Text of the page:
Saprospira grandis

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A Microbial Biorealm page on the genus Saprospira grandis

Classification

Higher order taxa

Domain: Bacterial

Phylum: Bacteroidetes

Class: Sphingobacteria

Order: Sphingobacteriales

Family: Saprospiraceae

[5]

Species

NCBI tax ID: 694433

Genus: Saprospira

Species: grandis

[5]

 Saprospira grandis cell.
Phase-contrast micrograph of filaments of a freshwater Saprospira sp. [4].

Description and significance

Saprospira grandis is a gram-negative, marine, multicellular, filamentous flexibacterium. It is motile; but it does not swim, it glides, which is why it has been classified as a flexibacterium. The cells that have been observed appear peach colored and contain a unique carotenoid, saproxanthin, which is thought to be photoprotective against damage by solar ultraviolet light. Another striking feature is the abundant presence of rod-shaped structures within the cells known as “rhapidosomes.” Currently, no one knows the physiological purpose of these structures or how they are synthesized and regulated. Saprospira grandis are free-living, commonly found in marine littoral sand and coastal zones in various locations around the world. They prey on other bacteria by trapping and devouring them. It is significant because it is known for devouring bacteria and also has been shown to digest algae by the same process. This makes this bacterium important because it is useful in preventing harmful algal blooms. [1,3]

Genome structure

While bacteria of the genus Saprospira are studied quite extensively, genome information is lacking thus far. Therefore, it is of interest to obtain the complete genome sequence of S. grandis to determine its metabolic potential, predatory lifestyle, and genes that encode proteins involved in rhapidosome formation. S. grandis str. Lewin, was the first member of the Saprospiraceae family to have its complete genome sequenced. The complete genome sequence comprises a chromosome of 4.35 Mbp and a plasmid of 54.9 Kbp. The organism has incomplete pathways for the biosynthesis of nine essential amino acids but encodes a large number of peptidases. The S. grandis genome encodes ten sensor globin-coupled rsbR genes thought to be essential for stress response and the presence of such sensor globins in Bacteroidetes is unprecedented. Genome analysis revealed a total of 429 spacer sequences within the three clustered regularly interspaced short palindromic repeat regions in the genome and this number is the largest among all the Bacteroidetes species sequenced to date. [5]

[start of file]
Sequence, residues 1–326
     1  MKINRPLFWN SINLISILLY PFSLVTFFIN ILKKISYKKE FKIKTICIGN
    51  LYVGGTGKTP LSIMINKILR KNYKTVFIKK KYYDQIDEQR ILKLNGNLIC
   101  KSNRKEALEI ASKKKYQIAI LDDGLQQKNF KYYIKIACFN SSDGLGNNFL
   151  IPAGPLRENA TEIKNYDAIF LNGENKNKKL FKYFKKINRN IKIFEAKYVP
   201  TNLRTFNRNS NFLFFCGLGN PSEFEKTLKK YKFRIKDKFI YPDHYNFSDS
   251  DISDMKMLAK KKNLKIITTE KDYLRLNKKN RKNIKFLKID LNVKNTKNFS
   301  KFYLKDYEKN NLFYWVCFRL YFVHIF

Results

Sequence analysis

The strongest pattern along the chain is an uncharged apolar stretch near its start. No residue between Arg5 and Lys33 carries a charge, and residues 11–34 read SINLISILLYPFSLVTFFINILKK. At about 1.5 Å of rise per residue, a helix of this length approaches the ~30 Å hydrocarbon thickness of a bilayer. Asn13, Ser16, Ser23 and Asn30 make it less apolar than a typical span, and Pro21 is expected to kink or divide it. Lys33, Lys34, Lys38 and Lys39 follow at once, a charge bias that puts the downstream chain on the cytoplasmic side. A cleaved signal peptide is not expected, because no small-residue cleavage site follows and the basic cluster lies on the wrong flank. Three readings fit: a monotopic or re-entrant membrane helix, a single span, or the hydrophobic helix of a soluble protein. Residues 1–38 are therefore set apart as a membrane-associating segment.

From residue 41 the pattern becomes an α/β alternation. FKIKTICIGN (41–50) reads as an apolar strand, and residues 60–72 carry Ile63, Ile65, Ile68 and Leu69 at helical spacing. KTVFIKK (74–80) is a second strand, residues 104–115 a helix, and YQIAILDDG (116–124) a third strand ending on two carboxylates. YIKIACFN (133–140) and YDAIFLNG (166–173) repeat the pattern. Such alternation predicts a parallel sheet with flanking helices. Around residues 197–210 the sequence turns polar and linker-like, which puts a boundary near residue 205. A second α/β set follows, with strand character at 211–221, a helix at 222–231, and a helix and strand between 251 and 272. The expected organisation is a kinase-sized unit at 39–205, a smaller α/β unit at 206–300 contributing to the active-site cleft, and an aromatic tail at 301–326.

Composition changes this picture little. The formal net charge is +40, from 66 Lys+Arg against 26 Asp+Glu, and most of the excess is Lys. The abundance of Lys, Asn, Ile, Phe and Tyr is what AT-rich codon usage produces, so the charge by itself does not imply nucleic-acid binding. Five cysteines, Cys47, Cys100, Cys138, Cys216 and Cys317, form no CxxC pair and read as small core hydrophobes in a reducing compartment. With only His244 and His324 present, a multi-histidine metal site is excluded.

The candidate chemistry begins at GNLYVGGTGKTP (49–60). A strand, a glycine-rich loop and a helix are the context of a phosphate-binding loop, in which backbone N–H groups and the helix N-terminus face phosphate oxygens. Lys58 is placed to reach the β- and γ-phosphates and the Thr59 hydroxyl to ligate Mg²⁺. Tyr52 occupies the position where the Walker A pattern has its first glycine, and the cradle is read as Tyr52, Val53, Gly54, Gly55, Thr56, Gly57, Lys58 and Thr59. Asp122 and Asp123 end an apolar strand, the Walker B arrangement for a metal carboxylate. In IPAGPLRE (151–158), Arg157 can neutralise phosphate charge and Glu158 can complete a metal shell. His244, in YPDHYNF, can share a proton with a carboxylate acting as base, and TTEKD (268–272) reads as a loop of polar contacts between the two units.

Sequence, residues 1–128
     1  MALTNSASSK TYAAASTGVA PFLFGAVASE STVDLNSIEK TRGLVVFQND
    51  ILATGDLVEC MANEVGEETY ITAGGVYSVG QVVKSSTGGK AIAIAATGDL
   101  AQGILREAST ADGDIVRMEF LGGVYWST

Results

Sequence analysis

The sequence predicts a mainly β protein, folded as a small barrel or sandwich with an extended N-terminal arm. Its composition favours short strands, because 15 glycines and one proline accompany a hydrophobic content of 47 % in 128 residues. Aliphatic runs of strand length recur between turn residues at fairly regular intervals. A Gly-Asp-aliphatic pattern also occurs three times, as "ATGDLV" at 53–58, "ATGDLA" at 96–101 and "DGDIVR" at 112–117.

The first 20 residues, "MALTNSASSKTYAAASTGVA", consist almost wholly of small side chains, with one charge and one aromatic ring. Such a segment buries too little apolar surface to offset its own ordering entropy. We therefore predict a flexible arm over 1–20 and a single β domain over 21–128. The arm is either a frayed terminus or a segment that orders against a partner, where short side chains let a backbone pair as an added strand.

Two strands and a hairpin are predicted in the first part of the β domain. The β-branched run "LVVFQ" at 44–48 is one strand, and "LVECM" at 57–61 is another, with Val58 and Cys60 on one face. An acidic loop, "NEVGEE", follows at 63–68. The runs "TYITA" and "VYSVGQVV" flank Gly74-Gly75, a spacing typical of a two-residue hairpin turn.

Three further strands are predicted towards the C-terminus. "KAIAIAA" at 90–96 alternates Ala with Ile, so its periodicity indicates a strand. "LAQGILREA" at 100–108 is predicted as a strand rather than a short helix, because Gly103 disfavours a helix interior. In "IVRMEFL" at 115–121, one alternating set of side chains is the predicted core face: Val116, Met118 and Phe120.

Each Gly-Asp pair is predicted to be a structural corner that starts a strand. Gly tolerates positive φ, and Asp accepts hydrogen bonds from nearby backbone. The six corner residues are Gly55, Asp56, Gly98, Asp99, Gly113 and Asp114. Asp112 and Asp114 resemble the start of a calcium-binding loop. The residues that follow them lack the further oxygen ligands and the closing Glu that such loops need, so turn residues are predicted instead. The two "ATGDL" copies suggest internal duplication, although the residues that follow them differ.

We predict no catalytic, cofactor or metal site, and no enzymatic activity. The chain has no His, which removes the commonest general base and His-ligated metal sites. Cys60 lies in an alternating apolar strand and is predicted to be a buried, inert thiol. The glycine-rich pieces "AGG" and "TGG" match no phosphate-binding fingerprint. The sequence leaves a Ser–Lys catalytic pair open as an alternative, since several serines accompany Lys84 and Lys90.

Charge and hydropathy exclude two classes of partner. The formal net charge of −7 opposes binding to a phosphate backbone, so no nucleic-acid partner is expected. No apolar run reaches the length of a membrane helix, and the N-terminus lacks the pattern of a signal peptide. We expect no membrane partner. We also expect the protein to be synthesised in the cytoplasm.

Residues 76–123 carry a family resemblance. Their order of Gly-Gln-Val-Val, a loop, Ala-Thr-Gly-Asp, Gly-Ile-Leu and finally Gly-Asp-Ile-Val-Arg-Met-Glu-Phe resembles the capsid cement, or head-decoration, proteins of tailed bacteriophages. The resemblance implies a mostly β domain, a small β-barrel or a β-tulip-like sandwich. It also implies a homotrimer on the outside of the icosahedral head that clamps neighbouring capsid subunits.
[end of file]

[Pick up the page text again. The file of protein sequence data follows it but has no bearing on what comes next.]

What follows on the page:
Cell and colony structure

The filaments on Saprospira grandis are about 1 micrometer wide and indefinite in length (5-500 µm), with a shallow helical pitch of 5-10 micrometers. Which consist of cells 1-5 micrometers long and separate as they die. They have solid substrata, which is used for gliding, at 2-5 micrometers sec -1. The cells are peach colored and contain carotenoid saproxanthin, which may be photoprotective against damage by solar UV light. They have an abundant presence of rod-shaped structures within the cells known as “rhapidosomes.” It has already been postulated that rhapidosomes are defective phage tails that could be bacteriocins similar to the pyocin R bacteriocin of Pseudomonas aeruginosa. If this is true, the rhapidosomes should play a critical role in the ability of Saprospira to consume other bacteria. [1,3]